Director-General of the Nigeria Employers’ Consultative Association (NECA), Dr. Timothy Olawale stated that the social unrest and attacks on businesses witnessed in some states would definitely affect investment in the country, particularly, when the theatre of these attacks and unrest is the Nation’s Commercial Capital, Lagos.
The NECA boss noted that there will be a drastic reduction of foreign direct investment (FDI) as no investor, local or foreign will put money in any country where its youths are in a long-drawn protest with the government, adding that the negative effects could be direr than a deeper recession.
“Nigeria, already shaken and badly battered by the global crisis brought about by the pandemic is slipping further into devastating youth protests to police brutality, insecurity, killings and lootings and breakdown of law and order in the country. The curfews have not deterred the youth in their fight and resolve to speak up and be heard.
“These mounting issues are already shutting the hubs of businesses in the country and portend negative impact to our poor economic situation. Businesses cannot operate in such disharmony and the heightened insecurity with the collateral damages to infrastructure and property definitely amounts to higher cost of doing business”, he added.
The President of the Lagos Chamber of Commerce and Industry (LCCI), Mrs Toki Mabogunje had warned that the country was beginning to witness various unintended outcomes of the protest, adding that there is a great risk that the situation may degenerate into a case of the complete breakdown of law and order which is certainly not in consonance with the objectives of the #EndSars peaceful protests.
“The #EndSARS protest has been impactful and profound. It has demonstrated in unmistakable terms the power of the people and the potency of the energy of our youth to bring about change. The protest has achieved some significant outcomes given the reawakening that it has generated in reforming the shortcomings in our political governance and the fact that some of the demands of the protesters have been met.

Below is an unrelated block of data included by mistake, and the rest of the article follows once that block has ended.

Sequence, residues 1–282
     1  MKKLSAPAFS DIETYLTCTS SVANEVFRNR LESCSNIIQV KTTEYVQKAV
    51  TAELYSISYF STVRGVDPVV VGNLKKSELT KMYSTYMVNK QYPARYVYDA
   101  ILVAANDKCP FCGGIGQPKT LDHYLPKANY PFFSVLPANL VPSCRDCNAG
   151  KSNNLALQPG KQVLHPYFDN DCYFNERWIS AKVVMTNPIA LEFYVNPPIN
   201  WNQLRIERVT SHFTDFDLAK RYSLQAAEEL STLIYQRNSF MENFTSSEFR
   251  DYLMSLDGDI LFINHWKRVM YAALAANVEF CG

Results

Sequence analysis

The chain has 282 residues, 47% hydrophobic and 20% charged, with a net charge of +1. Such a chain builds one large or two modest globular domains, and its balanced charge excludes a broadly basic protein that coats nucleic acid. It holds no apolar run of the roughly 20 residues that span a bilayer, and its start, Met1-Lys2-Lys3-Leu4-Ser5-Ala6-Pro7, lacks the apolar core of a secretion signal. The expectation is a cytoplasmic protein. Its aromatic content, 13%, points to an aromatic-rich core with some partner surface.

“The Lagos Chamber of Commerce and Industry whose mandate is to be the voice of business and protect the livelihoods of all those in the business community wishes to recommend that the protesters progress to the next stage of civic engagement, which is the dialogue phase of this struggle. This is necessary to reduce the massive disruptions, blockades and barricades around our major cities and interstate highways.
“These actions have been at great cost to the economy and the welfare of Nigerian citizens. It should be noted that our economy is still reeling from the shocks of the Covid 19 Pandemic and struggling to recover from its devastating effects”, the chamber added.
The LCCI, however, urged President Muhammadu Buhari to urgently grant audience to the protesters to deliberate on the way forward and to agree on an action plan for the delivery of agreed outcomes and commit to rapid improvement in governance quality and accountability by effecting necessary institutional, policy and regulatory reforms not only for the police but the entire public sector ecosystem.